Photo: Tim Walker
From what he’s done for Mcqueen, to photographers such as Tim Walker, Emma Summerton or even his own personal projects of the British Folklore museum, this Art Director/Creative Director/Set Designer is a new personal Favorite of OTM & 1 Management’s Christopher Michael.
Q. I admire the fact that you refuse to own a blackberry and have managed to achieve your current success without succumbing to the demands of technology; I also share your habit of not watching much television but indulging in many movies. What is your favorite Film?
As far as not succumbing to technology goes, the blackberry is the only thing I’m loath to acquire, I’m not a luddite, I just find the constant demand to be available to answer questions by tapping away at a tiny screen, demeaning when someone could just pick the phone up and talk to me. My favourite film is a really hard one as there are so many. So in no particular order, here’s a Top 10! (think yourself lucky I didn’t do my Top 100….)
1. A Canterbury Tale, Dir; Powell & Pressburger.
2. A Matter of Life and Death, Dir; Powell & Pressburger.
3. Peeping Tom, Dir; Powell
4. The Mirror, Dir; Andrei Tarkovsky
5. Gallivant, Dir; Andrew Kotting
6. Fanny & Alexander, Dir; Ingmar Bergman
7. And the Ship Sails On, Dir Federico Fellini
8. Suspiria, Dir; Dario Argento
9. Jubilee, Dir; Derek Jarman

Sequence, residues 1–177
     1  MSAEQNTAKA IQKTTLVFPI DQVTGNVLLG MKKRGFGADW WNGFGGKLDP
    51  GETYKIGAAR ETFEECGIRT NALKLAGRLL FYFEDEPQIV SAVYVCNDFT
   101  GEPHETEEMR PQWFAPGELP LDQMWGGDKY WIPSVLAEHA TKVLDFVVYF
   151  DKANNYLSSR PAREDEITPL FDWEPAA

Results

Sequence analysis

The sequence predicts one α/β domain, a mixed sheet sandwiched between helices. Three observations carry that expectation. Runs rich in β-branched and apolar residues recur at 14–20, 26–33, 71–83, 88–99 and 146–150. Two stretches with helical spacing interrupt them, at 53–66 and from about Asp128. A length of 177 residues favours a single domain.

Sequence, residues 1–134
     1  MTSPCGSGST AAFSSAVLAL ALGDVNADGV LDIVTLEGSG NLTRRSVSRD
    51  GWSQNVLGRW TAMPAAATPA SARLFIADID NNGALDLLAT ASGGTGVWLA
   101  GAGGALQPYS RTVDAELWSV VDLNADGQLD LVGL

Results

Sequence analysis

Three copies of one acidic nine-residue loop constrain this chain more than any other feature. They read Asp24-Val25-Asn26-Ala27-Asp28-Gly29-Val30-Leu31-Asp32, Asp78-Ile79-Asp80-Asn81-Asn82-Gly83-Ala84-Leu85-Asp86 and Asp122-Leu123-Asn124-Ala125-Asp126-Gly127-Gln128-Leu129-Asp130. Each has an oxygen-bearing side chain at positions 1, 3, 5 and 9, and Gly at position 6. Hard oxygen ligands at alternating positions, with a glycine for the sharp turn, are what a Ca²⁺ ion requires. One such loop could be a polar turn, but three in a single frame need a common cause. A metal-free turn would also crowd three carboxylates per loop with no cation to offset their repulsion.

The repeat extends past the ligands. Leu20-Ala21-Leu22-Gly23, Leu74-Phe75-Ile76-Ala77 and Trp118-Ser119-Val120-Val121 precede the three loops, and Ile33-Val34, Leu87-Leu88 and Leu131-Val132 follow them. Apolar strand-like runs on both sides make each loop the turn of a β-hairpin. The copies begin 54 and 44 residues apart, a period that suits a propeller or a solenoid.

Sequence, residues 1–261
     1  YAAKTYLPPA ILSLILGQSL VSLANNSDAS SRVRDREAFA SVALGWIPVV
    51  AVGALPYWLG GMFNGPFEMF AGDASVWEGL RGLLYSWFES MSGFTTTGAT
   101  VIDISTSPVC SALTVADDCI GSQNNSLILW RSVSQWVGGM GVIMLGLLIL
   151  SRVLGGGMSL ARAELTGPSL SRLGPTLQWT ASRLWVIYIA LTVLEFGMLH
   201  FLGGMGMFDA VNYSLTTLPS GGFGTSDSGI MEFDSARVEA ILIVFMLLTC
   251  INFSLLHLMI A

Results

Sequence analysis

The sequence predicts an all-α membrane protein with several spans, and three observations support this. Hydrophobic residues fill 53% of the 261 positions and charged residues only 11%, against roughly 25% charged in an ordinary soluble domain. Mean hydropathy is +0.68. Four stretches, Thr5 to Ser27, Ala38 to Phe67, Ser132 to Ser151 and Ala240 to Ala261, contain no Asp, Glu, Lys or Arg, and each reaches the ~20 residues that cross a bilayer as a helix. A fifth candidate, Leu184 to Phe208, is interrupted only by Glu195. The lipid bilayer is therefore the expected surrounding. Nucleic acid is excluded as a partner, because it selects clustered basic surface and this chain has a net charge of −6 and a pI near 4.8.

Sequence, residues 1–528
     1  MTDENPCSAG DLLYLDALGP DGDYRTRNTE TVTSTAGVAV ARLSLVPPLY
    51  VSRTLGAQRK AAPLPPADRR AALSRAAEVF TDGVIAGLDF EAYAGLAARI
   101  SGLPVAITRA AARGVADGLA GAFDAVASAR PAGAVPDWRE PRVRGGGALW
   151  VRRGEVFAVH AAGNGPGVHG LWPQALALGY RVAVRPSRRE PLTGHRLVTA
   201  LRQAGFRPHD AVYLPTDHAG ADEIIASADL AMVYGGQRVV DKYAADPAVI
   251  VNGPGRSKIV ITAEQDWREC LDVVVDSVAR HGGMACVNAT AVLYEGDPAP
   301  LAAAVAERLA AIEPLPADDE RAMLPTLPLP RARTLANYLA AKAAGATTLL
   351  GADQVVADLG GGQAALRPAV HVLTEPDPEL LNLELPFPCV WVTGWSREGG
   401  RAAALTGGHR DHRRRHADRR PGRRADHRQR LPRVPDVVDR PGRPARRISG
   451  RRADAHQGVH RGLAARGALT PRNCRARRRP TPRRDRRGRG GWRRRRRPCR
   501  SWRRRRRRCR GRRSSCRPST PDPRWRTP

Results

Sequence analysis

10. Performance, Dir; Donald Cammell and Nicolas Roeg
Q. You have recently embarked on the journey of making real one of your dreams, to open a British Folklore Museum.. Something that you originally intended to be a plan that would unfold later on in life, what made you change your mind and decide to do this now?
There were many reasons behind starting the project sooner rather than later. About 18 months ago, a number of friends and acquaintances all seemed to be stricken with various illnesses that seemed to come like a bolt from the blue. There’s nothing like spending time with a loved one in hospital to get you thinking about the bigger questions in life. What do we want from our remaining time here? What do we still want to achieve? Is there anything we want to be remembered for etc. My interest in Folklore and museums has been with me for as long as I can remember so events conspired to make me start the project sooner rather than later.
Working as a free-lance designer is wonderful and I wouldn’t swap it for anything else in the world, but over the last few years I’ve found many clients and photographers have been getting increasingly safe in their outlook and work. The present financial climate has of course affected this. I was reminded of a scene from Tim Burton’s film, ‘Ed Wood’. The protagonist of the film, dispirited with a failing project, goes to a bar and there spies Orson Wells sat at a table on his own. Ed plucks up the courage to speak to the great man who gives him this advice. ‘Visions are worth fighting for, why spend your life making someone else’s dreams?’ I wrote this down and pinned it to my notice board.
Q. I find myself to be someone who also appreciates and enjoys the history of England and its ancient traditions, I’m curious to find out what it is that is most alluring about these Rites and Rituals for you, is this something that was common in your family growing up? Or more of a personal attraction.